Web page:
• If the client requires the team to complete additional or changed project deliverables, then the Manager could ensure that the team gets sufficient time to complete the project. A reasonable timeframe can be established in consultation with the team and client. If anytime this has been done in the past mention it.

  • While some deadlines can be negotiated some cannot and there still will be times when the team needs to put in that extra effort. What will help then is the team bonding. So the manager should plan for the entire team taking some time out to have fun and de-stress together. This enhances team spirit and it will also increase the productivity among team members even under tight deadlines.

Becoming Lean – Reaping benefits of Lean Solutions : Management Funda; March'08

Becoming Lean means eliminating waste at every product or service creation phase and becoming highly responsive to customer demand while producing quality products and services. For example the new car ‘Nano’ uses less steel, less plastic, less space and less energy to run. People love it and there is already a huge demand for it. This definitely makes the car ‘Lean’.


Origin of Lean
Lean was born with the Toyota Production System a manufacturing methodology developed originally by Taichi Ohno for the manufacture of automobiles at Toyota. Its goal was "to get the right things to the right place at the right time, the first time, while minimizing waste and being open to change". During the 1980s, Lean production was adopted by many U.S. and European manufacturing plants. It has also been implemented with success by service organizations, logistics and supply chain organizations.

Implementing Lean
The following steps need to be followed:-

  • Define who are the customers

  • Define desired outputs and value in customer terms

  • Define current process as it really is, not as it is supposed to be

  • Identify and eliminate waste (non value adding steps) ie., all steps should directly contribute to satisfying customer need

  • Make the process flow so the customer can ‘pull’ (i.e. demand from the customer)

Types of waste in Service context
Now, let’s move away from Production environment and see what resources typically a service company wastes.

Points to remember while implementing Lean:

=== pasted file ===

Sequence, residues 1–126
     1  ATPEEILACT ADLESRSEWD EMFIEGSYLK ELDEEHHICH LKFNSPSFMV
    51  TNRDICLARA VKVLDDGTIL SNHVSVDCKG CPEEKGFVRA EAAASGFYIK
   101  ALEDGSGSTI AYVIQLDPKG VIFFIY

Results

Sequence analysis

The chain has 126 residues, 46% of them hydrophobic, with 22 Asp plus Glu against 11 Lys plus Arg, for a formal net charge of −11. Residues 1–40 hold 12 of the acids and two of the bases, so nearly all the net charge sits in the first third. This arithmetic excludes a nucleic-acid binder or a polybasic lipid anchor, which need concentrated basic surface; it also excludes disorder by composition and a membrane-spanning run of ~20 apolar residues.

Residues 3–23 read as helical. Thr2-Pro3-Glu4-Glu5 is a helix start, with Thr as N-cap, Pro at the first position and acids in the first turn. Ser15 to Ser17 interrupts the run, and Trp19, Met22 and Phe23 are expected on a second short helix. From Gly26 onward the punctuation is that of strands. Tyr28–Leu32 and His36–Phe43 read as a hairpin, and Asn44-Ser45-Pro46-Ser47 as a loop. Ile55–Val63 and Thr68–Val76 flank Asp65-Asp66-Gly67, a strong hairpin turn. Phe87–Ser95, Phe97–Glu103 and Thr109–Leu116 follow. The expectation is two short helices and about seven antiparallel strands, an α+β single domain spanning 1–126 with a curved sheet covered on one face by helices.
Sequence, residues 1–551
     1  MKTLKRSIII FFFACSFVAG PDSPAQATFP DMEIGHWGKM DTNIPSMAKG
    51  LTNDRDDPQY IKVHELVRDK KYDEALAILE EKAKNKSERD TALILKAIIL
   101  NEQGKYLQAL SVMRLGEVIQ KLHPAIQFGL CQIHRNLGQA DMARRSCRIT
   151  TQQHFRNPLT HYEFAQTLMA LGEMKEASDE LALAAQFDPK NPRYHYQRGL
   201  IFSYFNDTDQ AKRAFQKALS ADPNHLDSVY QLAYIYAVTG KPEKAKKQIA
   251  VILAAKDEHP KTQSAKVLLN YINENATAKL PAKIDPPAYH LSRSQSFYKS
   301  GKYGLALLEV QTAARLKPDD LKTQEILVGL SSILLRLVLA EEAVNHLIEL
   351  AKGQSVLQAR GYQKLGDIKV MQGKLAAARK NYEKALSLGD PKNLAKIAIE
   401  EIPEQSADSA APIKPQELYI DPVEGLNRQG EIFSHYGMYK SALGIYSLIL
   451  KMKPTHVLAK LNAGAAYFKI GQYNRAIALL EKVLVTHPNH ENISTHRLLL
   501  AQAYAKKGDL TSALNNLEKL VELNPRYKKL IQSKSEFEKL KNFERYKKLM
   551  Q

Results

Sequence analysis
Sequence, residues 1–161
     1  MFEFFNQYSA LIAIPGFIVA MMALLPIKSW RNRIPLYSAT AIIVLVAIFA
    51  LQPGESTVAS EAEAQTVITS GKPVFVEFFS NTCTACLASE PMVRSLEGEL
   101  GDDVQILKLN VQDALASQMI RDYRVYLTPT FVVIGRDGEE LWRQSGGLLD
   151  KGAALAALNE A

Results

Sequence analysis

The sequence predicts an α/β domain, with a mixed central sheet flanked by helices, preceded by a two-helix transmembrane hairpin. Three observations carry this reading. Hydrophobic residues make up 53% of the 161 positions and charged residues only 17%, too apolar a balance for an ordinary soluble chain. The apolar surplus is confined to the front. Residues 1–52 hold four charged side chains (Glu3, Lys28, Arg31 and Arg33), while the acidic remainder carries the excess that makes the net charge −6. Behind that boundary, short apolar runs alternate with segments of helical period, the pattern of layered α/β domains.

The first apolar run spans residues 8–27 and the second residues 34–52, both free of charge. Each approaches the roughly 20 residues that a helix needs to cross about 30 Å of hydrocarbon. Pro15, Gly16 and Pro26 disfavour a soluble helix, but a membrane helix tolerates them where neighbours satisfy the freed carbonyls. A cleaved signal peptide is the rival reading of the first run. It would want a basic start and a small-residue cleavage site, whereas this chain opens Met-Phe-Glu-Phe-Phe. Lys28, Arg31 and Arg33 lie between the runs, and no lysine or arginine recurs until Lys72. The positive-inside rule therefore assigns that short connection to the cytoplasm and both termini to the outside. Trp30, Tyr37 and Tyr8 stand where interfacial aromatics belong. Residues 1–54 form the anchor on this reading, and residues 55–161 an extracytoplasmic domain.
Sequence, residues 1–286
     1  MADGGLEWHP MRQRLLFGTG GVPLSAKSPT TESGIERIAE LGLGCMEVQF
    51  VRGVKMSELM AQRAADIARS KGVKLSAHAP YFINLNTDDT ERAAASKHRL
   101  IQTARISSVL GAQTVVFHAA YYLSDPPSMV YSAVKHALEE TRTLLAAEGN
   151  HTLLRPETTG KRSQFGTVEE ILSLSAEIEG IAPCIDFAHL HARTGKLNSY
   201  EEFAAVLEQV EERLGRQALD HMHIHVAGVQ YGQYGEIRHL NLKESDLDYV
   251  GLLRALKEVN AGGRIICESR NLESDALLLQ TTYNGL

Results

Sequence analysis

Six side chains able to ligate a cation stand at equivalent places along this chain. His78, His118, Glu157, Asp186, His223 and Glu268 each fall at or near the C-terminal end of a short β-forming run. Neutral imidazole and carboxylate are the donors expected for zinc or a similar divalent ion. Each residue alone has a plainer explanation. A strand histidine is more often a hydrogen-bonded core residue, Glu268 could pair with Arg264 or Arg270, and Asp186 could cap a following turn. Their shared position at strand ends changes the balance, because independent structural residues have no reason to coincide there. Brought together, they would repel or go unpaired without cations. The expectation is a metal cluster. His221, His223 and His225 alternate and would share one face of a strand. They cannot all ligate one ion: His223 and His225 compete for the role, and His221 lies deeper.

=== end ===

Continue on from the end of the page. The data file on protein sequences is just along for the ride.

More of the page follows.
• The focus of Lean initiative is on delivering continuous improvement and a mix of long term as well as short term improvements.

  • Ever heard of continuous improvement taking place in the absence of measurements? So, a regular measurement of improvements is important.

  • Kaizan, Just In Time, Six Sigma, process reengineering etc are some of the Lean tools. But unless you know what you want to achieve using the tools, the tools are useless. It’s like giving a cook lot of ingredients without telling him what needs to be cooked. Thus it is necessary to have a clear vision of your organizational objectives before you choose your Lean tools.

  • A holistic approach is the key to making Lean work. Every one who is involved in providing the service needs to understand what and how they are delivering to the customer and how they can eliminate the waste from their actions.

  • While the principles of Lean are common for all organizations, the way it gets implemented will differ from company to company.


Examples of benefits that you will enjoy

  • Operational excellence: Companies such as ICICI Bank and Wipro have been successfully using Lean for driving this.

  • Flexibility to meet varied customer demands: By reducing production system response time Toyota was able to quickly change and adapt to market demands.

  • Minimised costs: Dell implemented Lean to remain profitable by minimizing costs.

  • Better service: By combining Agent-assisted Voice Solutions and Lean's waste reduction practices, a call centre company reduced handling time, between agent variability and accent barriers to improve live agent call handling.

  • Better price realization: General Cable achieved this from ‘Lean’ initiatives.

  • Competitiveness: Lean manufacturing reduced lead time, reduced costs and improved quality providing opportunities for new marketing campaigns, allowing companies to gain market share from competitors that were slower, costlier or of poorer quality.


Can you ever say you have done all that is required to become ‘Lean’? Well, can you ever say that my customer will always be happy with my current level of service or that there are no more ways I can improve my processes? No! Since becoming ‘Lean’ is a continuous process and to bring about meaningful results Lean management needs to be sustained over a period of time. Regardless of the industry, company size or culture, the Lean concept can be used to provide value to your company and yourself.


  • Malloy, J, “Lean production”,,,sid182_gci810519,00.html.
  • “Leading In Lean Time”’,
  • Kumar, V. R, “Just get Lean and mean”,
  • Sarkar ,D,  “ ‘Lean’ is more than a cost-cutting tool”,
  • “Lean manufacturing”,
  • ‘Lean Process Improvement - effective organizational improvement though your people’ pdf document.

Employee Speak: Mr. Amit Kumar Das, Director - Human Resources, Allergan India

Tell us something about Allergan?

Allergan is a global health care company focused on specialty Pharmaceuticals products. Founded in 1950 in US, it is currently headquartered in Irvine, California. Allergan was launched in India in 1995 as a joint venture with Nicholas Piramal. The inspiration for setting up Allergan came from the need to deliver value to the end consumer and to provide an improved and promising future for the life of a patient. The primary business focus of the company is in the Eye care, Aesthetics and Neurosciences areas of specialty pharmaceuticals.

What is Allergan popular for in the Pharma market? What are it's specialty areas?